German court curtails data storage law

Germany's top court has curtailed a law requiring telecom firms to store phone and Internet data for six months, dealing a new blow to the government's efforts to beef up anti-terrorism measures, a Reuters report said.

Opposition politicians, civil liberties campaigners and many citizens had opposed the law, a divisive issue in a country haunted by memories of domestic spying by Hitler's Gestapo and communist East Germany's Stasi secret police.

In response to bomb attacks in Madrid in 2004 and London in 2005, the law obliges telecom firms to keep a record of who contacted whom, and the time and location of calls.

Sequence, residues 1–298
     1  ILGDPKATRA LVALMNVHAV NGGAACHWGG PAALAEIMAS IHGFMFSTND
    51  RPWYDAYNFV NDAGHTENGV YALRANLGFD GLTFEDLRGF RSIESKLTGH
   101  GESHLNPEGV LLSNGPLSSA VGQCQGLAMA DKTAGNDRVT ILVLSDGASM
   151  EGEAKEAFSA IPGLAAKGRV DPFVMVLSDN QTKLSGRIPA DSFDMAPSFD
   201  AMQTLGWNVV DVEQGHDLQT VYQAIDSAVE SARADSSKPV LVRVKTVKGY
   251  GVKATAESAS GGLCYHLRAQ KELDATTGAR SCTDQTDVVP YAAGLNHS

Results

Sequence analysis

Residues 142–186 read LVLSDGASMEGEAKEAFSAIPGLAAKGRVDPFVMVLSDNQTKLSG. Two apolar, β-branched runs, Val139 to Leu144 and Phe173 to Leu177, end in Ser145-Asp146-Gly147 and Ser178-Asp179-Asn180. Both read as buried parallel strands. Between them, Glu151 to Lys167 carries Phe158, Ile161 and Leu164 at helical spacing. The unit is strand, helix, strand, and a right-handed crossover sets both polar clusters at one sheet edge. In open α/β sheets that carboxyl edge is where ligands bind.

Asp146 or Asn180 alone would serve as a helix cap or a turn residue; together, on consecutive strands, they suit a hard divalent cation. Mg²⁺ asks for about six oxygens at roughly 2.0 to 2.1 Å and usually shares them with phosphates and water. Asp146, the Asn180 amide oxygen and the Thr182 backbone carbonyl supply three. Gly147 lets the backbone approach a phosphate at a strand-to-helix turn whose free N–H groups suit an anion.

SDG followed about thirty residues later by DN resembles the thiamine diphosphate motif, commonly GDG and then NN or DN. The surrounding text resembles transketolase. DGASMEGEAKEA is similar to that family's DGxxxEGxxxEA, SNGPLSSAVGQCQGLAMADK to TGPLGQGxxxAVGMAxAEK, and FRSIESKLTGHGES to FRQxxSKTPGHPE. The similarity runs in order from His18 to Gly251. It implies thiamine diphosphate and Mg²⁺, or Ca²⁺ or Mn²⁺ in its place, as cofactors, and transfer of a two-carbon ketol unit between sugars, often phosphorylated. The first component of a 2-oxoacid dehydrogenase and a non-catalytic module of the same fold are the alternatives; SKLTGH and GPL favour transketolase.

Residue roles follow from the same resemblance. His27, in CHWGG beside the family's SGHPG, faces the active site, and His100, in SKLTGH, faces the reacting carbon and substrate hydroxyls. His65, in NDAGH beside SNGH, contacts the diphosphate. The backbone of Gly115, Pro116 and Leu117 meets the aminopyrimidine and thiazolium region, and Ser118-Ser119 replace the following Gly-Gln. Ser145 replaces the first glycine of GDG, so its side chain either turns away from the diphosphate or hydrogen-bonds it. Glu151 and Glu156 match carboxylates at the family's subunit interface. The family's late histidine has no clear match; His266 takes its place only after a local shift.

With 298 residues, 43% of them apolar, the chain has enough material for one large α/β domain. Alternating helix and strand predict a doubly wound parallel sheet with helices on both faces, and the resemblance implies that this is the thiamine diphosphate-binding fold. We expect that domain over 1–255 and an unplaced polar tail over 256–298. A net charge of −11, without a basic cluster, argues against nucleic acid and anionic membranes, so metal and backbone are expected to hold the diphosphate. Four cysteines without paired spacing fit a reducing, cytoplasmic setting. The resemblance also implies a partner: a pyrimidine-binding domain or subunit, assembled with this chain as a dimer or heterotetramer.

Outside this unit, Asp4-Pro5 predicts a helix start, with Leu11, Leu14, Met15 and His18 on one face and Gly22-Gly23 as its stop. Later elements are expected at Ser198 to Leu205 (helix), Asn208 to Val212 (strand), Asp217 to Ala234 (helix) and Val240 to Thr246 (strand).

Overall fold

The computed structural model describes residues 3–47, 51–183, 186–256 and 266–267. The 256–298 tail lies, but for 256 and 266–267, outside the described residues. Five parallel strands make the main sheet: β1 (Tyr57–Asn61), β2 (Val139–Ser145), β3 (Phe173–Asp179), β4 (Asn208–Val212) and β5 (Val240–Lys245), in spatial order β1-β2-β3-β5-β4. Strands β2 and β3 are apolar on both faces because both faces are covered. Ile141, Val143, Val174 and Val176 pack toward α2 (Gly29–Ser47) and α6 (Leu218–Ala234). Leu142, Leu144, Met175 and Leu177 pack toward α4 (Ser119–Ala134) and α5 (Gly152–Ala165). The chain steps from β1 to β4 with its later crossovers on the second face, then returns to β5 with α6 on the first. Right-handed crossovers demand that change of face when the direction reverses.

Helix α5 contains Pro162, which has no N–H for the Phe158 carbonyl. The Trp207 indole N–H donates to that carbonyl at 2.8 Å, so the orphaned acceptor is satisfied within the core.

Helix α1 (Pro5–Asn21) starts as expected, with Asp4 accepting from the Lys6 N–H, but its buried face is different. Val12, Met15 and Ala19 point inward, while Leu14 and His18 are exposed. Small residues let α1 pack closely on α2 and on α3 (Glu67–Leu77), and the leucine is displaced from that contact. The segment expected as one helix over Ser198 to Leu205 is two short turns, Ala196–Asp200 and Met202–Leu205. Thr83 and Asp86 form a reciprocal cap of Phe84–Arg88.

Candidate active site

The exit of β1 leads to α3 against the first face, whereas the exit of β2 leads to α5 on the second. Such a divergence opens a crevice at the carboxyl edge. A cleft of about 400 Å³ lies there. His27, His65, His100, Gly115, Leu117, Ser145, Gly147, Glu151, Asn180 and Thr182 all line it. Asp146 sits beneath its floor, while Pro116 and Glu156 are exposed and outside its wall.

The Federal Constitutional Court ruled data may be stored, but details may only be transferred to investigators in the event of inquiries into serious crime.

The decision was the latest in a series of rulings against tighter security measures introduced by Chancellor Angela Merkel and previous governments. It drew praise from civil liberty campaigners who want greater data protection and privacy rights. In 2004, judges ordered the government to tighten rules for bugging homes.

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